The Hazard Rate of Political Regimes
The author presents a preliminary study on the stability of political regimes. In a longitudinal data set, he studies the effect of some observable economic and political conditions on the hazard rate of different types of political regimes. The author finds that economic development has a stabilizing effect in countries with democratic political institutions, but rich autocracies do not show a lower hazard rate than less developed autocracies. While the stability of autocracies is not affected by their degree of economic development, it is greatly associated with the degree of popular discontent. Widespread discontent with leaders in autocratic regimes highly increases their hazard rate. This relationship is much weaker for regimes with democratic institutions. The author also finds a nonmonotonic time dependence pattern for the hazard rate of political regimes. Political regimes are found to be at an increasing risk of collapse during the first years, with their hazard rates reaching a peak around the fourth year. Copyright 1999 by Kluwer Academic Publishers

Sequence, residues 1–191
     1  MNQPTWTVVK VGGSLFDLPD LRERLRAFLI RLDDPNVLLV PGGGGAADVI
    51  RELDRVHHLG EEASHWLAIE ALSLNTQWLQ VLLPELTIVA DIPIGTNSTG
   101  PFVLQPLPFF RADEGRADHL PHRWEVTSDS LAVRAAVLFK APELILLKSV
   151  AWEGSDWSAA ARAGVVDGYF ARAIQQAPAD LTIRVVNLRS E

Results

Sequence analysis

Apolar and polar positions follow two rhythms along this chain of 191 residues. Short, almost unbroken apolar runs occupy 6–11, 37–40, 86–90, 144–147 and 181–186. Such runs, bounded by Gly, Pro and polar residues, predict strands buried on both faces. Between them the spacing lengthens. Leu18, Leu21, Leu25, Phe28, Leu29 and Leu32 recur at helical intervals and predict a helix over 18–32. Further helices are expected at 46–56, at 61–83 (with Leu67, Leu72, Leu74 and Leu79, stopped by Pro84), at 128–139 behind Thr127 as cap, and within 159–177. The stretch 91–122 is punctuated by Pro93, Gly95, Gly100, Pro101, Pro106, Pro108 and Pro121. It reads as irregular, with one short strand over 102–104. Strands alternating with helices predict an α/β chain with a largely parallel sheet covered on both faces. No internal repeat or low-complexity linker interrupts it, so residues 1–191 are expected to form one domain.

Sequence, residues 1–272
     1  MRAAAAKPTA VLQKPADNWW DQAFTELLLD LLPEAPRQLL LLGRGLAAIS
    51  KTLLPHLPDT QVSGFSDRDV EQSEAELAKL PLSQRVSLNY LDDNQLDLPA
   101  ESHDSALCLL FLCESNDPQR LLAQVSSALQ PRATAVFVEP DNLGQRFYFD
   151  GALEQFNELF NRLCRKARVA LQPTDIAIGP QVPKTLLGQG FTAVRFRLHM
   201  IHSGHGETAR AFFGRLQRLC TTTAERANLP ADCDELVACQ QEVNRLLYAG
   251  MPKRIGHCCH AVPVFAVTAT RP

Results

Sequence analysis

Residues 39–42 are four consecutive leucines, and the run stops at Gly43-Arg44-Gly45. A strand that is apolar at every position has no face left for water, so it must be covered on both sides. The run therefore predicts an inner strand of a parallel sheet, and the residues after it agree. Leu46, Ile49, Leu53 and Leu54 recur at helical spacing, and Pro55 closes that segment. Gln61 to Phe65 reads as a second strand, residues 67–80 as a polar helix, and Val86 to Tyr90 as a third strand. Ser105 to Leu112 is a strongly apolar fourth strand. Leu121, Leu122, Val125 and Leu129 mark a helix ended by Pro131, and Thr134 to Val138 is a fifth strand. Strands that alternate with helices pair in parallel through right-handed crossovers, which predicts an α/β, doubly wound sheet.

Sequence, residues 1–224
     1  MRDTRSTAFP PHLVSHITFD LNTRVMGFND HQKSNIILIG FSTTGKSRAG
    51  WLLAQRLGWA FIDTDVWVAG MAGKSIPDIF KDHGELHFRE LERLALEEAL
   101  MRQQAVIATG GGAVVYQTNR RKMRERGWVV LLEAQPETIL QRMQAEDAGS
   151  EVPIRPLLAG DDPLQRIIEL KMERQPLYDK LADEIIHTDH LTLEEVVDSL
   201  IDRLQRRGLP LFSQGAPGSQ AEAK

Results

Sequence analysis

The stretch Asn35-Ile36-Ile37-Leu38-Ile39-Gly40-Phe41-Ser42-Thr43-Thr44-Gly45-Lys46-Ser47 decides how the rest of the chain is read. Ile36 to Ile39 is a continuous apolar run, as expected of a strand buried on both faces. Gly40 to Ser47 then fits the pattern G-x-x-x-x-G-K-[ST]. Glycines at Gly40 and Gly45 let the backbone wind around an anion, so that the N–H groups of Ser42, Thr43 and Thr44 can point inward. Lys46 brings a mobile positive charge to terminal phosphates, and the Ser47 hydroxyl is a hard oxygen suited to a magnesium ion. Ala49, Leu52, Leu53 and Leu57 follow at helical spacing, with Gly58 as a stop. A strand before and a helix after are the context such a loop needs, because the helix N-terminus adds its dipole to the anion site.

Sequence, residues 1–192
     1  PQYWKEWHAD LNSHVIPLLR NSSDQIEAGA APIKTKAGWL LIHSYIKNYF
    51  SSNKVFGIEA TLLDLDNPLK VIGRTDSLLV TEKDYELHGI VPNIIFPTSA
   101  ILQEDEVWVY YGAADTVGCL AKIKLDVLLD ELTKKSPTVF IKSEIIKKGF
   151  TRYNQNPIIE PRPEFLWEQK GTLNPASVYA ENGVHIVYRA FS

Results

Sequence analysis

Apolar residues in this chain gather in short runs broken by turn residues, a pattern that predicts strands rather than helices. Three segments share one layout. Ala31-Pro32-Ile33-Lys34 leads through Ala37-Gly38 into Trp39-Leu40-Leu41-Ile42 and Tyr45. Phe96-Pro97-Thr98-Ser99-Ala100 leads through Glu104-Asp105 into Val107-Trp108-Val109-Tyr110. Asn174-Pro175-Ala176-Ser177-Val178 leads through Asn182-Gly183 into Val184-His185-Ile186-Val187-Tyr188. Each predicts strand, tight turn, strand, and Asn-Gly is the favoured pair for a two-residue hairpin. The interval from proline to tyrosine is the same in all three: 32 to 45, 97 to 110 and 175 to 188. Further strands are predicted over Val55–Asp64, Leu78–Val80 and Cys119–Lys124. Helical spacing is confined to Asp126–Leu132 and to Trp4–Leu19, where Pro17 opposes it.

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Volume (Year): 98 (1999)
Issue (Month): 3-4 (March)
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